I first started listening to This American Life when I needed to pass time in a similar fashion. A few years ago, I was working a freelance gig that involved lots of, um, mindless busy work. To motivate and entertain myself, I queued upВ TAL–and what a difference that made! I was flying through my assignments and TAL episodes. Within a week, I’d listened to a year’s worth.

TAL makes long trips go by just as quickly. I love how Ira Glass and his correspondents put a quirky spin on every topic they tackle. I’ve yet to come across an episode that isn’t fun, accessible and heartfelt. It’s reporting and storytelling at its best. Not everyone could make the Brazilian financial crisis so entertaining. (I loved that episode–and I usually glaze over/can’t understand anything that involves economics.) Or decide that in order to write the perfect break-up song, you’d have to get Phil Collins’ advice. Or make a story that you’d find in a small town paper (about a school maintenance man on a power trip, for example) way more compelling than any movie that’s been produced recently.

Audiobooks work just as well. Since I was one of the few people on earth who hadn’t read or watched The Help, I figured I might as well listen to it. The audiobook was very well done, with four women, including Octavia Spencer, narrating as the characters–and, at a 18 hours, it lasted several trips. Now, I’m finishing up The Lost City of Z, by David Grann, one of my favorite New Yorker writers. He attempts to retrace the footsteps of Percy Fawcett, a British explorer who went missing trying to find an ancient city in the Amazon.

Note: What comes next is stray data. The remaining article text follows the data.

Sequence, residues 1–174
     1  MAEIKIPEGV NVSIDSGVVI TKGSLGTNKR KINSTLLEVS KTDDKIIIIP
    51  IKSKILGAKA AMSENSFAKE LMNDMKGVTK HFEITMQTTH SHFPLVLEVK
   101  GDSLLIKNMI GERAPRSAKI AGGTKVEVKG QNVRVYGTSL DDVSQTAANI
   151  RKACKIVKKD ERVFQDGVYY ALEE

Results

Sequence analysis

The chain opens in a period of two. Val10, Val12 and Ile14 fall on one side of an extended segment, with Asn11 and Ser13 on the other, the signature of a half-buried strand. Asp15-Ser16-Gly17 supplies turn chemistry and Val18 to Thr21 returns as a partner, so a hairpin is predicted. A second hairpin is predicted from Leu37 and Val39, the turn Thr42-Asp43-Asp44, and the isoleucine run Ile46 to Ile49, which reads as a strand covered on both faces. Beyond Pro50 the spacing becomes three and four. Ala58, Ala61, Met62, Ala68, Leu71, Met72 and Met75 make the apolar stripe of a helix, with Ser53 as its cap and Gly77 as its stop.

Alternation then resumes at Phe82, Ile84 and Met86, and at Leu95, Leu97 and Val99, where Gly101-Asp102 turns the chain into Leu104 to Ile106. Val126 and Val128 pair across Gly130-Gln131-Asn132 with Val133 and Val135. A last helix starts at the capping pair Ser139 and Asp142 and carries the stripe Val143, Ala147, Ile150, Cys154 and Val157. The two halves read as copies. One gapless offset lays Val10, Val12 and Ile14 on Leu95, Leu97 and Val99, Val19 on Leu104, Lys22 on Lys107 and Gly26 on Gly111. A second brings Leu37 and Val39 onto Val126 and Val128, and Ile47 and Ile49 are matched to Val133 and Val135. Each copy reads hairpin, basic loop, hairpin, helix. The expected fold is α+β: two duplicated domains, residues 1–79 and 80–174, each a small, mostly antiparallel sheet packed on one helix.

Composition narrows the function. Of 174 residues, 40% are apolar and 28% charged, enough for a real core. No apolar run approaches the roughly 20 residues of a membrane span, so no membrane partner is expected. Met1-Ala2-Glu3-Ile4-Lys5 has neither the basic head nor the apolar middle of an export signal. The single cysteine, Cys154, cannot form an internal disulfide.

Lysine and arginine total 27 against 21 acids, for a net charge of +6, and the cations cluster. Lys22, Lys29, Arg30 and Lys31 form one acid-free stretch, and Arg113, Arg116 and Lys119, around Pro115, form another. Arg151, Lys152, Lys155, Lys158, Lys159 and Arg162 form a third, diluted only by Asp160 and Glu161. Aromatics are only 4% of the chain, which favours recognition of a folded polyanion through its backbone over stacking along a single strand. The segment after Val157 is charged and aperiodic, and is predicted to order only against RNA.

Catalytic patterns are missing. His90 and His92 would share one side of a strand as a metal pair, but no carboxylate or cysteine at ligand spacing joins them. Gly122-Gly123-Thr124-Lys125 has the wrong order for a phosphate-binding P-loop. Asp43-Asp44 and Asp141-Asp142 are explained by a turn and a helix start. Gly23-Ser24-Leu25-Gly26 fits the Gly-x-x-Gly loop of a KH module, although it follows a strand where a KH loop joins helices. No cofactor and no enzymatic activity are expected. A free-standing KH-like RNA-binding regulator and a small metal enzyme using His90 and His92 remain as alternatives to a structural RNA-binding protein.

How do you pass the time on long trips? Are you an audiobook or TAL fan, too?

(Photo via Swiss Miss)

The Tutu Project

Last week, I stumbled upon an amazing exhibit via Canadian Art Junkie. To celebrate its 60th anniversary, the National Ballet of Canada is presenting “The Tutu Project,” a display of 60 original tutus. Some are iconic costumes from renowned ballets; others are whimsical creations from artists, ballet fans and even the dancers, themselves. The exhibit is running from July 11 through September 2 at Toronto’s Design Exchange.

While I’d love to see it live, that’s probably not happening. But on the upside, the National Ballet has a very nice online gallery showcasing many of the tutus, as well as photos of ballerinas wearing them in action:

Kitri, Act III from Don Quixote. Designed by Desmond Heeley. Photo by Setareh Sarmadi.

Gizella Witkowsky in Don Quixote. Photo by Barry Gray.

Wilis from Giselle. Designed by Desmond Heeley. Photo by Setareh Sarmadi.

Artists of the Ballet in Giselle (2009). Photo by Bruce Zinger.